Flexible Management and Ownership Structure:
Like general partnerships, LLCs are free to establish any organizational structure agreed upon by the members. Thus, profit interests may be separated from voting interests. This offers the owners the ultimate flexibility to separate or combine the interests of the investors into the company and of the people actually running the day-to-day operations.
How to Form an LLC?
Forming an LLCs, just like maintaining it, is rather simple. After you decide to form an LLC, Articles of Organization must be filed with the state of your choosing, and initial fees must be paid. Once the Articles of Organization are filed (or even prior to that event), the owners of an LLC should have an organizational meeting where an Operating Agreement is adopted, interest certificates, if any, are distributed and other preliminary matters are discussed. An LLC Kit includes all of the information and paperwork to make this process easier.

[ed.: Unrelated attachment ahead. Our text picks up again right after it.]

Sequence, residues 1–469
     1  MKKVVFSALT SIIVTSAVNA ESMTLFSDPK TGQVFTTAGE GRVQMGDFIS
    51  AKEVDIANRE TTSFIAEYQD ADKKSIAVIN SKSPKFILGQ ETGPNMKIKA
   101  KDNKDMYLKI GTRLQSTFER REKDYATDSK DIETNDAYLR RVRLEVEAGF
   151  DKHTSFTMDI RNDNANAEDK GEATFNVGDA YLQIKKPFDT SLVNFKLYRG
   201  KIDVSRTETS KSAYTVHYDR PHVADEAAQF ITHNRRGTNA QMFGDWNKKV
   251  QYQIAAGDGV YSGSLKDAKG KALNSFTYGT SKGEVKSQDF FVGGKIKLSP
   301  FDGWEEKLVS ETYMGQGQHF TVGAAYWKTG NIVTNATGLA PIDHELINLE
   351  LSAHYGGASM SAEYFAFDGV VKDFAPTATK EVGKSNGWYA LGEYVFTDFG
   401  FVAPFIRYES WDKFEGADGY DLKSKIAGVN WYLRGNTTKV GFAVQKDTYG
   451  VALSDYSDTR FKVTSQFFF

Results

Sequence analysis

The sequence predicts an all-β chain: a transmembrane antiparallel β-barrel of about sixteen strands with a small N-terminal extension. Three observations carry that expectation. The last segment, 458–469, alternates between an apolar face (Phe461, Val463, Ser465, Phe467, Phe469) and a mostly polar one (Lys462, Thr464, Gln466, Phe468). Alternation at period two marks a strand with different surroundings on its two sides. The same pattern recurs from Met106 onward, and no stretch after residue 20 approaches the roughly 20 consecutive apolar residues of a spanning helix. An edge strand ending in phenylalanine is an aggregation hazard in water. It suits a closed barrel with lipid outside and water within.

- Newspaper Publication: In addition to the simple procedures above, three states require an announcement of the fact that an LLC has been formed to be published in a newspaper or several newspapers. The states that require publication for LLCs are New York, Arizona and Nebraska.
- Federal Tax ID Number: A Federal Tax Identification Number, also known as an Employer Identification Number or EIN, is required for an LLC to obtain a bank account and pay federal taxes. An EIN to an LLC is like a social security number to a person. It is the number the IRS uses to identify the business, and it must be included on all of the tax filings the business will make in its lifetime. If you now operate your business as a sole proprietorship or a partnership and are now looking to form an LLC, you must obtain a new EIN for the new entity.
- Single-Member LLCs: The IRS does allow Single-Member LLCs to qualify for pass-through tax treatment. However, taxation of one person LLCs at the state level may be different. Consider consulting an accountant to find out more.
Corporation as an LLC Member
A corporation can be a member of an LLC. This allows you to create an additional level of ownership, which is designed to create an entity that can offer such traditional fringe benefits as retirement plans and an additional level of protection from liability.